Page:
The Detroit Lions allowed the second most points in the NFL this season, but that has not dimmed defensive coordinator Aaron Glenn’s star as a potential head coach.
The Denver Broncos requested to interview Glenn for their vacant head coaching position Monday, NFL Network reported.
Glenn is one of eight reported candidates for the Broncos job, which opened Sunday when Denver fired Vic Fangio.
A former NFL cornerback who played 15 seasons with five different teams, Glenn was widely praised by Lions players this season for his honesty, defensive acumen and teaching ability.
“You know there’s that uncle that always watches your back when you’re young and he’s always going to look out for you, but he’s going to tell your ass when you’re wrong?” Lions safety Tracy Walker said last week. “That’s A.G. A.G. is going to always tell me when I’m wrong, but he’s going to love me. He’s going to love me in his own way, and like I said, it’s a great feeling to know that I got a coaching staff that backs me up, supports what I do, supports my, I guess you could say, decisions or suggestions. Yeah, I can’t ask for much better, honestly.”
Glenn was one of at least nine coaches to interview for the New York Jets head coaching job last season, when he was secondary coach with the New Orleans Saints.
Under his leadership, the Lions held seven opponents to 20 or fewer points this season and tied for 21st in the league with 19 takeaways despite have an injury-depleted and talent-deficient roster.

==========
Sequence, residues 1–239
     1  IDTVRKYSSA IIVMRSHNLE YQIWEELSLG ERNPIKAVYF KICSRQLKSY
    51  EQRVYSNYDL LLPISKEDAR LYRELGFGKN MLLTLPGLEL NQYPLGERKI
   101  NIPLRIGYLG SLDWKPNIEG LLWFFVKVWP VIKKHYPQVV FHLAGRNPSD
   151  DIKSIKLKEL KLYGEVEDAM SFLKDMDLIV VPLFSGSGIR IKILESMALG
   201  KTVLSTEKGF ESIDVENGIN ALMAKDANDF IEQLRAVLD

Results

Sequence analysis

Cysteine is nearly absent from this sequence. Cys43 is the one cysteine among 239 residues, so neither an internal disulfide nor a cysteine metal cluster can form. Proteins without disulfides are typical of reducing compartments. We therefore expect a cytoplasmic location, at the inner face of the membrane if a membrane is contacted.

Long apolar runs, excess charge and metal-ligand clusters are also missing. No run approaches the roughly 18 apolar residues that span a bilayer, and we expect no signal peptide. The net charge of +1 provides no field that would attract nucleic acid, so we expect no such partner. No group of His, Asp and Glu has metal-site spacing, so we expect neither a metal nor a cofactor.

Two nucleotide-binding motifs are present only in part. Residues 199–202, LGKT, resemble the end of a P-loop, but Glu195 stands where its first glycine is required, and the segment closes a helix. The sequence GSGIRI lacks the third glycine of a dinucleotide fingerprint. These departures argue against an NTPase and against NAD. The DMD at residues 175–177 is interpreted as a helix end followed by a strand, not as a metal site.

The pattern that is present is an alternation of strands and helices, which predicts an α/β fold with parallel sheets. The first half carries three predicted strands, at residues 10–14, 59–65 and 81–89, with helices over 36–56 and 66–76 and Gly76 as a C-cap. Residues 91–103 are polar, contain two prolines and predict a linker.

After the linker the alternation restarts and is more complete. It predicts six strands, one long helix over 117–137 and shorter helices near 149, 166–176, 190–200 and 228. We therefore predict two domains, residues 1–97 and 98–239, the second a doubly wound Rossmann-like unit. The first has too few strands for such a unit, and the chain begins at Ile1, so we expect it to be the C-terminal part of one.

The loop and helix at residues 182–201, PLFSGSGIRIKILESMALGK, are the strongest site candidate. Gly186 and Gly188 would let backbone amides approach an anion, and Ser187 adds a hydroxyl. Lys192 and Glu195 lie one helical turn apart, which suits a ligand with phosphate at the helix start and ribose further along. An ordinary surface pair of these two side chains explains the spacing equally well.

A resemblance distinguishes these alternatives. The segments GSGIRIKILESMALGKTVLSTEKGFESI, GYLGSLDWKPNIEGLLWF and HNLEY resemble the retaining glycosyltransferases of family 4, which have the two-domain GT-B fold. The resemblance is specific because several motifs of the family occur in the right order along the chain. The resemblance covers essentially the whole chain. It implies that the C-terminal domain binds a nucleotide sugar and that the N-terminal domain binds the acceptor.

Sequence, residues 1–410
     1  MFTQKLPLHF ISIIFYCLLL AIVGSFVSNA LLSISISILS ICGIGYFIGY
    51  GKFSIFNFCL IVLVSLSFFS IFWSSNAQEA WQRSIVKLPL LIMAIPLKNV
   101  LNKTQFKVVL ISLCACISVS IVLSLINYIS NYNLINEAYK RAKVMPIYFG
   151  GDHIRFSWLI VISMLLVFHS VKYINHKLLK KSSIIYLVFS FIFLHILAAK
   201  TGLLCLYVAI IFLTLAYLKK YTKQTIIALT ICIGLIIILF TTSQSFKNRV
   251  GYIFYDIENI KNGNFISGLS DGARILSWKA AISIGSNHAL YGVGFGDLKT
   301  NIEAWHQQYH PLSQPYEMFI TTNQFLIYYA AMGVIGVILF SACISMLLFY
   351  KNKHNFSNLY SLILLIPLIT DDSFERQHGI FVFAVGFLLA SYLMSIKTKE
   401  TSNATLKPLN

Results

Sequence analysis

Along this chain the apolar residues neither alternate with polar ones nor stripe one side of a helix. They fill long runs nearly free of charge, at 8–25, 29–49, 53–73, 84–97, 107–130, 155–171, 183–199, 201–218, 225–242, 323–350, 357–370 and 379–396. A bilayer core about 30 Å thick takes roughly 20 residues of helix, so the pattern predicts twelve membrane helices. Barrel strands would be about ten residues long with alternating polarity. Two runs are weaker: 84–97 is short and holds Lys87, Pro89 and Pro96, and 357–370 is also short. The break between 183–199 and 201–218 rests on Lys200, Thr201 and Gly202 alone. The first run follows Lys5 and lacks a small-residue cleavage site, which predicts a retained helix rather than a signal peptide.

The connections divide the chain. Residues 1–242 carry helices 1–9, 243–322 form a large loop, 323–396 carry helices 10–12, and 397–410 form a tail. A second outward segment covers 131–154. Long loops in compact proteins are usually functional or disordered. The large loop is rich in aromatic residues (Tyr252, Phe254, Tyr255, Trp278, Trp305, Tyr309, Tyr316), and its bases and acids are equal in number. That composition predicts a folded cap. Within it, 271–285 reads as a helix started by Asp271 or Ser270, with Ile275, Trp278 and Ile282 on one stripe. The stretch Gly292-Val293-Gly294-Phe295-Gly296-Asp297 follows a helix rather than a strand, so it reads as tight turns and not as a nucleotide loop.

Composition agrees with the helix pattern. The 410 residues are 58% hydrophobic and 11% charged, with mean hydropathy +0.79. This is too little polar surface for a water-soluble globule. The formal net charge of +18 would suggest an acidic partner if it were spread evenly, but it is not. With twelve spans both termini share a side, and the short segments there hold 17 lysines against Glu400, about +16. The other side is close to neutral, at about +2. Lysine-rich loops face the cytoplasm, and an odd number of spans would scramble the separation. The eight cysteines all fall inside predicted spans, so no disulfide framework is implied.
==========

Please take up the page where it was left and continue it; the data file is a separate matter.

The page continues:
The Lions lost starting cornerback Jeff Okudah and 2020 sack leader Romeo Okwara to Achilles tendon injuries in the season’s first month, placed defensive starters Amani Oruwariye, Jerry Jacobs and Alex Anzalone on injured reserve in December, and finished the season with three rookies — Ifeatu Melifonwu, A.J. Parker and Derrick Barnes — in the starting lineup.
Asked about his head coaching aspirations last week, Glenn told reporters he was focused on being “the best coordinator the Lions ever had.”
“If it happens, those things happen,” Glenn said. “But listen, this is a huge job that I have right now. And I want to be the best that I can be at it, and I want to be the best that ever came through Detroit. I want you guys to say that at some point, that he was the best coordinator ever. That’s what my goal is.”
Asked how he’d define “best coordinator ever,” Glenn said, “Heck, I don’t know. You guys have all these deals. You would do that. My job is to go out there and be the best that I can be.”
No Lions assistant has gone directly into an NFL head coaching job with another team since Chuck Knox in 1973. Knox, the Lions’ offensive line coach in 1967-72, coached the Los Angeles Rams, Buffalo Bills and Seattle Seahawks.
Dick Jauron was Lions defensive coordinator in 2004-05, and finished the 2005 season as interim head coach when Steve Mariucci was fired. The Bills hired Jauron as head coach in 2006.